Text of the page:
Loneliness affects people of all ages, but seniors are especially susceptible to feeling lonely. A new study reveals that it is more than merely a feeling of sadness, but can have real and traumatic effects, including early death. It is best for seniors to stay involved and maintain meaningful relationships to avoid feeling lonely and getting their lives short.
John Capioppo is a psychologist and the director for the Center for Cognitive and Social Neuroscience at the University of Chicago. On Sunday, he presented his research on the topic of loneliness and early death at an annual meeting for the American Association for the Advancement of Science. He described it as more than sadness. He said that being extremely lonely is unsafe and raises the risk of death by 14 percent.
Capioppo came to this conclusion when he surveyed 2,100 people over the age of 55 in a Health and Retirement Study. He found that seniors who felt lonely got less sleep, had higher blood pressure, had increase cortisol (the stress hormone) and increased depression. The loss of a spouse, family member or a close friend can elicit temporary feelings of loneliness, but when it becomes a chronic condition, it can interfere with the quality of life.
People have an innate need to socialize. Isolation leads to unhappiness. Having companionship and maintaining meaningful relationships with at least several people can make a difference. It is common for seniors to head down south and spend their retirement in Florida or other warmer states, but experts advice against this if it means leaving behind relationships that have been building up over a lifetime. Moving is fine if the senior remains social, however, and meets new people to fill the void.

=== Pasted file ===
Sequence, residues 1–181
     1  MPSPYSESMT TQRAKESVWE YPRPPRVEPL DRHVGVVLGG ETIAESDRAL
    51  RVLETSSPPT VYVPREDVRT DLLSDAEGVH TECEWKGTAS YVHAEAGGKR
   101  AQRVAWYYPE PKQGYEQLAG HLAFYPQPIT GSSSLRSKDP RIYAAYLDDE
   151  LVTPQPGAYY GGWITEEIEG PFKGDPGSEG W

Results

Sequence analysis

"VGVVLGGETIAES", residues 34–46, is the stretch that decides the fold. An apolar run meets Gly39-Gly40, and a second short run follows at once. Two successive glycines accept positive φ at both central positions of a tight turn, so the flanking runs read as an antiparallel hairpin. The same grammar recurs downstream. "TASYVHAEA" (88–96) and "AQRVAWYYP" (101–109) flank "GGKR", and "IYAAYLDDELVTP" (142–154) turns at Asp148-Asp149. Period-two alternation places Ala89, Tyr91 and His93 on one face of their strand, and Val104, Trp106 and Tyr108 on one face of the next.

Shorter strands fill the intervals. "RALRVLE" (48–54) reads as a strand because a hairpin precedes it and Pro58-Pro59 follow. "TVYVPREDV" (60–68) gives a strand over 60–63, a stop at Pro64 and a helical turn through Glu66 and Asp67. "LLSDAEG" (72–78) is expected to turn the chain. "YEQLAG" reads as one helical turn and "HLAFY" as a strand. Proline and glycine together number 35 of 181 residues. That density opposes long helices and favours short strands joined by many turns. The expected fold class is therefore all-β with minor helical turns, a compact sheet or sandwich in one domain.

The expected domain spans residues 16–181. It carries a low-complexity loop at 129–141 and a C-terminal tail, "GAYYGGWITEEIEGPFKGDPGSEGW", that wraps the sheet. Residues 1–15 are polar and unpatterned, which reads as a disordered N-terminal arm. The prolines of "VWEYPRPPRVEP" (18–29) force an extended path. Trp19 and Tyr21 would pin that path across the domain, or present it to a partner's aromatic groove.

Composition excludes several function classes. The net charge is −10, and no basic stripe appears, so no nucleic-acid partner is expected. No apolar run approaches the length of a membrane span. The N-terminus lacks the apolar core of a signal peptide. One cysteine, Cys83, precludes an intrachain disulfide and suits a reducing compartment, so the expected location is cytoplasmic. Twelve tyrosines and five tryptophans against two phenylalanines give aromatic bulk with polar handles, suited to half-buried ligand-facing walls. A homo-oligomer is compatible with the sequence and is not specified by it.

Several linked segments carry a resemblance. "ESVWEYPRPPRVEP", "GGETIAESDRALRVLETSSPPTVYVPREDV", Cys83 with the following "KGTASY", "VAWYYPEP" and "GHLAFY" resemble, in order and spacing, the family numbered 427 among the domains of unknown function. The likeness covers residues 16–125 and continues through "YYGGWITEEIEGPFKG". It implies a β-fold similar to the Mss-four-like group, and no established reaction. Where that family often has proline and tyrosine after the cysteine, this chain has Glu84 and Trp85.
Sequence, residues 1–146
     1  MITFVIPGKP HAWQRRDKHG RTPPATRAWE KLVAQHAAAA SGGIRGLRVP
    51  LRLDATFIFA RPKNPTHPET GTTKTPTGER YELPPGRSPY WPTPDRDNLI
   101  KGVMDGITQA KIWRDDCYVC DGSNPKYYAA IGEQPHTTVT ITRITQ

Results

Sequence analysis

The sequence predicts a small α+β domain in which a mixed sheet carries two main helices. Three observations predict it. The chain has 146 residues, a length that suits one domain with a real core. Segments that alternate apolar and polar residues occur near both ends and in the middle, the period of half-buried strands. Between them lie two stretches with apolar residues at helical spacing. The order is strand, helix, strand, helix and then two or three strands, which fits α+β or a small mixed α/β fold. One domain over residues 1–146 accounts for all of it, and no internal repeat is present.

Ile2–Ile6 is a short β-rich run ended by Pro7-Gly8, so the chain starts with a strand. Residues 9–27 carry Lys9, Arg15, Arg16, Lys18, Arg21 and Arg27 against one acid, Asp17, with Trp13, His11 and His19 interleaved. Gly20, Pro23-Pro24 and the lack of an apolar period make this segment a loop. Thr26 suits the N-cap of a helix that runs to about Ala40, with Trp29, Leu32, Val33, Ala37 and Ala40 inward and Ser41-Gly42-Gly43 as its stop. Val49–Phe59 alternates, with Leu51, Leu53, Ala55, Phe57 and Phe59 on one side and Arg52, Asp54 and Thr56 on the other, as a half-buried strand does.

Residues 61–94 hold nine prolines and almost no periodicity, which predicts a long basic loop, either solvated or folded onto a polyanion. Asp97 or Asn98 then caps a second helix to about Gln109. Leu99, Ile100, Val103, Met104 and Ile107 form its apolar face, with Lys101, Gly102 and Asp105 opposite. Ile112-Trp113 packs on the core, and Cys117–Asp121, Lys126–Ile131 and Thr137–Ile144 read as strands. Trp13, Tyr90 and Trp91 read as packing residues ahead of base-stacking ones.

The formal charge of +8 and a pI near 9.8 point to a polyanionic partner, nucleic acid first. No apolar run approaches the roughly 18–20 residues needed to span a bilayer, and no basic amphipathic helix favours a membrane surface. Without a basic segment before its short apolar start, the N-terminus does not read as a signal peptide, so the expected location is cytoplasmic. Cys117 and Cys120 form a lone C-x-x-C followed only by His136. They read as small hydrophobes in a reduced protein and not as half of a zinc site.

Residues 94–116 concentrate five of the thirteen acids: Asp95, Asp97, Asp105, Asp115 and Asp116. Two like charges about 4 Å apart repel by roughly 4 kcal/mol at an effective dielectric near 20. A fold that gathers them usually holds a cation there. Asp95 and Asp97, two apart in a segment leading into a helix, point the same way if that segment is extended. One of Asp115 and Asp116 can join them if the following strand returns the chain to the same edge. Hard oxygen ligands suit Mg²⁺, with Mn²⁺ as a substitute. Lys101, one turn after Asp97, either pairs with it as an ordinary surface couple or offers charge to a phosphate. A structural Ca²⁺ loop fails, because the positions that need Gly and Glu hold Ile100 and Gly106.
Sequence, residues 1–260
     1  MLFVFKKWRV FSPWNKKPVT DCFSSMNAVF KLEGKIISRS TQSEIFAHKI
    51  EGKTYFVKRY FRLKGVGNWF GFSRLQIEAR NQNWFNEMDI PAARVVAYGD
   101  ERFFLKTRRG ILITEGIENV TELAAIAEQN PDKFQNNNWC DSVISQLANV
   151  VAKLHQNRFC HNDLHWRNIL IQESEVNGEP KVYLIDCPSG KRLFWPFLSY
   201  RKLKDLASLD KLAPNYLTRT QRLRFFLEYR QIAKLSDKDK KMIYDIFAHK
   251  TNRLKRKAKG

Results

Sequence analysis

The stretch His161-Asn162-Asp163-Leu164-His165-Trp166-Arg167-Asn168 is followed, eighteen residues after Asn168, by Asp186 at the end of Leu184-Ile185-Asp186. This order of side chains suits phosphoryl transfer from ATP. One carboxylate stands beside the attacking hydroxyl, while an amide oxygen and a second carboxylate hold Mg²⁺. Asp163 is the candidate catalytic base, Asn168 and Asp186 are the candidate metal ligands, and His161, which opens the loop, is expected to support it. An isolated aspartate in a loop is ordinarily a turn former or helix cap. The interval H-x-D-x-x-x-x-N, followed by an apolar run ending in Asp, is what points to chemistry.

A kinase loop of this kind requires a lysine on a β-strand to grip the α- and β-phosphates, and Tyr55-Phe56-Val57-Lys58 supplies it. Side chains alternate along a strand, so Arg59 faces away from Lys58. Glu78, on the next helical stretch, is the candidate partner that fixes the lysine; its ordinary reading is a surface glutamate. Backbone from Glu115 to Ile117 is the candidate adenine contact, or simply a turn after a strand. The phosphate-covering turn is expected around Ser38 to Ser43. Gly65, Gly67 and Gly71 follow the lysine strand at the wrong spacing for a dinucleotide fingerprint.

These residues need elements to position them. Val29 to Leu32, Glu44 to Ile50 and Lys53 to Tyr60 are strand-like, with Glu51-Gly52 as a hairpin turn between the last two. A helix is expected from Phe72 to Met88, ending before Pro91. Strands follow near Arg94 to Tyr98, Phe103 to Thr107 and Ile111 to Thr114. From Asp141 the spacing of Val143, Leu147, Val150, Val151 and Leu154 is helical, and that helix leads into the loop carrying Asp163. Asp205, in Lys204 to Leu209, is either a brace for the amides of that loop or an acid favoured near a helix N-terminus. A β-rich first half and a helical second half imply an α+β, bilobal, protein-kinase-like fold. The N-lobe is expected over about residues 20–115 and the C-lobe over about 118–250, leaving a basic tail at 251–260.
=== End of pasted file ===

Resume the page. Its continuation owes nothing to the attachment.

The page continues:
There are three ways to decrease loneliness, according to Capioppo. Seniors can improve their quality of live by having someone close in their life that compliments who they are as a person, having frequent face-to-face contact and feeling like part of a group. Just being with people is not enough, however. Seniors need to feel a strong connection to receive the benefit. They can be just as lonely sitting in a crowd if they have not developed meaningful relationships with people within the group.
A sense of belonging is a huge part of being happy and reducing loneliness. As many as 45 percent of seniors are divorced, separated or widowed, leaving many of them to live alone. Even married seniors face feelings of loneliness, however. Remaining an active part of the family, community, faith-based organization or social group can decrease feelings of loneliness in seniors, especially those who live alone.
The results of this study are not surprising since studies have already shown an association between loneliness and disability, cognitive ability, cancer, stroke and heart disease. It is typically viewed as a situation where people are sad. It is more than a social or mental problem though. It is every bit as dangerous as smoking and twice as dangerous as being obese. This study sheds light on the fact that it is actually dangerous to be extremely lonely because it increases the risk of early death.
By Tracy Rose